This week it’s all about Shakespeare in JMC 302. This week we read “Shakespeare and the American People” by Lawrence Levine and watched “Shakespeare in Love.” This week’s discussion revolves around Lawrence Levine’s statement “the product of unremitting interaction between the past and present” (pg. 171). By Levine’s interpretation of American culture and the way we make practice of it I strongly believe that there are constant interactions between the past and present. Now-a-days I believe that the foundation of what we watch, movies, TV shows, even music videos have much of same building blocks that Shakespeare used years ago. It is clear that our culture is constantly changing from components of the past.
If you take a step back and look at “the movie of year” (seems like every movie is the movie of the year) they all have a very similar story lines. Seems like most films still take to the past and simply adapt them to the present day. How many times have you gone to the movie theaters, especially when a scary movie comes out, and could anticipate almost to the precise second when something bad was going to happen? I can. And for some reason it still works and I jump out of my seat.
In the late 18th and 19th century, Shakespeare became known to the public in America, and he very quickly became popular to the general public. As Levine states “These gradual and decisive changes in language, style, and taste are important but by themselves do not constitute a totally satisfying explanation for the diminished popularity of Shakespeare” (pg. 181). The fact is that most forms of entertainment follow this same story line, this may not be directly related to this type of Shakespearian story plot, but it still works and there’s usually a hero, villain, and an attractive damsel in distress. Take “Shakespeare in Love” for example. Yes there were some new twists to this story but there was a hero, villain, and an attractive damsel in distress involved in plot.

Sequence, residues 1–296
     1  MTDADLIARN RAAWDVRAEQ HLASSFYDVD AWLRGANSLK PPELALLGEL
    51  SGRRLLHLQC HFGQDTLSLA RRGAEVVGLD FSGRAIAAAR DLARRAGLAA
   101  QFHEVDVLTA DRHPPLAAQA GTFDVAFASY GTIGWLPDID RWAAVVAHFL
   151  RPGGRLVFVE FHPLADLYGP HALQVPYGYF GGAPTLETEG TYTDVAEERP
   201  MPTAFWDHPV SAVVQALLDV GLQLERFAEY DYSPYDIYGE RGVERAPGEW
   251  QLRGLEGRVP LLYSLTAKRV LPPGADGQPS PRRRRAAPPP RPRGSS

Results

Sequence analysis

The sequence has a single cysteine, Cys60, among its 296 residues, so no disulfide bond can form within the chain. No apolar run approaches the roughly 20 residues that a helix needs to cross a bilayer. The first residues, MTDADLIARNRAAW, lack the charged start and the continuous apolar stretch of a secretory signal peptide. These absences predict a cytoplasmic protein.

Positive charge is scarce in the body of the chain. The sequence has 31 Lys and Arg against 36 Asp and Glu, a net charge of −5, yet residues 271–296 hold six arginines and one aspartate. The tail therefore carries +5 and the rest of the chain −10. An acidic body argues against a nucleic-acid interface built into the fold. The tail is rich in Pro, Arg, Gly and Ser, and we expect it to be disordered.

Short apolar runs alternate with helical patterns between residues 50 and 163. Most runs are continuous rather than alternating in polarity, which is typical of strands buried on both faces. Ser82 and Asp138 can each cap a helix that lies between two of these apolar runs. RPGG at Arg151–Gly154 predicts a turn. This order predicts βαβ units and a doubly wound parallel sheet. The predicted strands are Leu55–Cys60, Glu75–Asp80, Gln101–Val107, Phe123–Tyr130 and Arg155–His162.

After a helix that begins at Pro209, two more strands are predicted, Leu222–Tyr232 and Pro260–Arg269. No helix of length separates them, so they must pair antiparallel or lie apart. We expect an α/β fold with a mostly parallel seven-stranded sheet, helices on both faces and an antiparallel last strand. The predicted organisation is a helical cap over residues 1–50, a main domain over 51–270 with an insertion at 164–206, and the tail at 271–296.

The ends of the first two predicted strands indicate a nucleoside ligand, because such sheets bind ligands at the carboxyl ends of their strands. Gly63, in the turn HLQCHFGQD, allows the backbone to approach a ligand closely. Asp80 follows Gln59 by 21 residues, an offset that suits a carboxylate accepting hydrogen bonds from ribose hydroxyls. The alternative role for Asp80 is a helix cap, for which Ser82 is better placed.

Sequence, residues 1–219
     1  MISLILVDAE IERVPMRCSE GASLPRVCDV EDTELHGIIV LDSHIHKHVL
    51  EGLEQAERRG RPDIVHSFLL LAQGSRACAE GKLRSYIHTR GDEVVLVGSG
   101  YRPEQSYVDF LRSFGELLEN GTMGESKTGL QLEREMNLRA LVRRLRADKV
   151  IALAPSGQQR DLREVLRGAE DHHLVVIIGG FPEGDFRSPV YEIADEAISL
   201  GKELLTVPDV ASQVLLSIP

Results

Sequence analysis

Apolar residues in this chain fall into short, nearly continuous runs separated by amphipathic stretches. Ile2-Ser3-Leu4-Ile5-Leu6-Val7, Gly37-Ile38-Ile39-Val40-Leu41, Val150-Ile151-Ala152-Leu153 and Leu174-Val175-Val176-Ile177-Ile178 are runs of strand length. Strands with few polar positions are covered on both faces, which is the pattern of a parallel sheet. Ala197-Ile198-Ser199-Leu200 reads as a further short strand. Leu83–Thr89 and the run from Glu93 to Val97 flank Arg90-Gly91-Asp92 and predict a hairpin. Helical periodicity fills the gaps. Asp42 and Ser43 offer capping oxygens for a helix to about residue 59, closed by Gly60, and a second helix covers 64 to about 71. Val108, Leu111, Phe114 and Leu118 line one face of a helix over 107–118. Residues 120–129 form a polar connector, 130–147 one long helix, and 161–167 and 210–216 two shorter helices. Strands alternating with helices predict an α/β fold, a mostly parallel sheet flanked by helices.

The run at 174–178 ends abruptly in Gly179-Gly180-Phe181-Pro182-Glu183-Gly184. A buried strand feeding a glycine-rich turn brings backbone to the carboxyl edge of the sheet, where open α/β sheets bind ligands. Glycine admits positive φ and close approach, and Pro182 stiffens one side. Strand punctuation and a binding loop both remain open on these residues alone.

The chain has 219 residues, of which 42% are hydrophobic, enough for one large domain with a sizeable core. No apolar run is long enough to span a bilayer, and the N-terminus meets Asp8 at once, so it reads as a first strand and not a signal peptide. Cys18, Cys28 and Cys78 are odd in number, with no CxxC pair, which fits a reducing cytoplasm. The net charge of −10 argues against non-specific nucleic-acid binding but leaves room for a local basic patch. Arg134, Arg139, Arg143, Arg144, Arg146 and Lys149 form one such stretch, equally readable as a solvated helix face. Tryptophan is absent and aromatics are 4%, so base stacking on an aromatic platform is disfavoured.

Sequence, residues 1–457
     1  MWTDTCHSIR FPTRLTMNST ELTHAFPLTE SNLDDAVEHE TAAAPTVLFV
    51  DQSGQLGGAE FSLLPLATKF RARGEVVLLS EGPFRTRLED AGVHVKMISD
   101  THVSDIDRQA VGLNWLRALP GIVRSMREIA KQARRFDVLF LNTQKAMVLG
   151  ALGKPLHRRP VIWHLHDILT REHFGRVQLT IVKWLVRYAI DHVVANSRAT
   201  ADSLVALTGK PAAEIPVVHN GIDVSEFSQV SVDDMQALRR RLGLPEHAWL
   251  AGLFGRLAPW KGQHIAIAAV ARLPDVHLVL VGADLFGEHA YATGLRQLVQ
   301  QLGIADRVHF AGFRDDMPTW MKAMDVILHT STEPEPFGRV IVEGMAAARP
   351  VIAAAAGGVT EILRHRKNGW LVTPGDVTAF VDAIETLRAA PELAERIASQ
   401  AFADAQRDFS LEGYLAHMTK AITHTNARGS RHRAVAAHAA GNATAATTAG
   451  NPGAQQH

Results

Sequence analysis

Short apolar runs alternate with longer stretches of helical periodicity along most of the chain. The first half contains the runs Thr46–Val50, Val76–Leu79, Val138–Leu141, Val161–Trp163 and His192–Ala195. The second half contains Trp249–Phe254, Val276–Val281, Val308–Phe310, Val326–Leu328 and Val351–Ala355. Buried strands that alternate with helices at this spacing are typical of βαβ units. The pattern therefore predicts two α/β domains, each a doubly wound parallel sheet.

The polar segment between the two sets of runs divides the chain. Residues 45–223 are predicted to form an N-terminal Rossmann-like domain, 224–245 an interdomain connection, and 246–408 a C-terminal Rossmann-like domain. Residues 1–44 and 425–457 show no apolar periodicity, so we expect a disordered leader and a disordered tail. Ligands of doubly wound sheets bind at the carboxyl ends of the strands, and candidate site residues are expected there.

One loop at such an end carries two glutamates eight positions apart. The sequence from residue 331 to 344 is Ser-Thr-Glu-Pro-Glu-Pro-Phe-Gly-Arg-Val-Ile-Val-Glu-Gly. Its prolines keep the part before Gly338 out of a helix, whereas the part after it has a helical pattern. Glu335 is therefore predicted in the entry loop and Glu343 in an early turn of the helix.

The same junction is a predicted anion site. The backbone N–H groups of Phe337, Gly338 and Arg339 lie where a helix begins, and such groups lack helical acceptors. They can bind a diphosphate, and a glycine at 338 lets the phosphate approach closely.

This unremitting interaction between the past and present could be applied to a variety of things. Think about out modern day fashion,cars, music, and even hair styles. We as a society yearn for this type of unremitting interaction between the past and present and its not only limited to story lines. As stated by Levine, “as important as changes in language were, they did not prevent the development of radio as a central environment medium at the beginning of the 1920s or the emergence of talking movies at the end of that decade (pg. 181). This quote really hones in on how people were looking for a predictable fairytale ending and an avenue to entertainment that they could relate to. We have simply taken things from our past and altered them for our use in the present.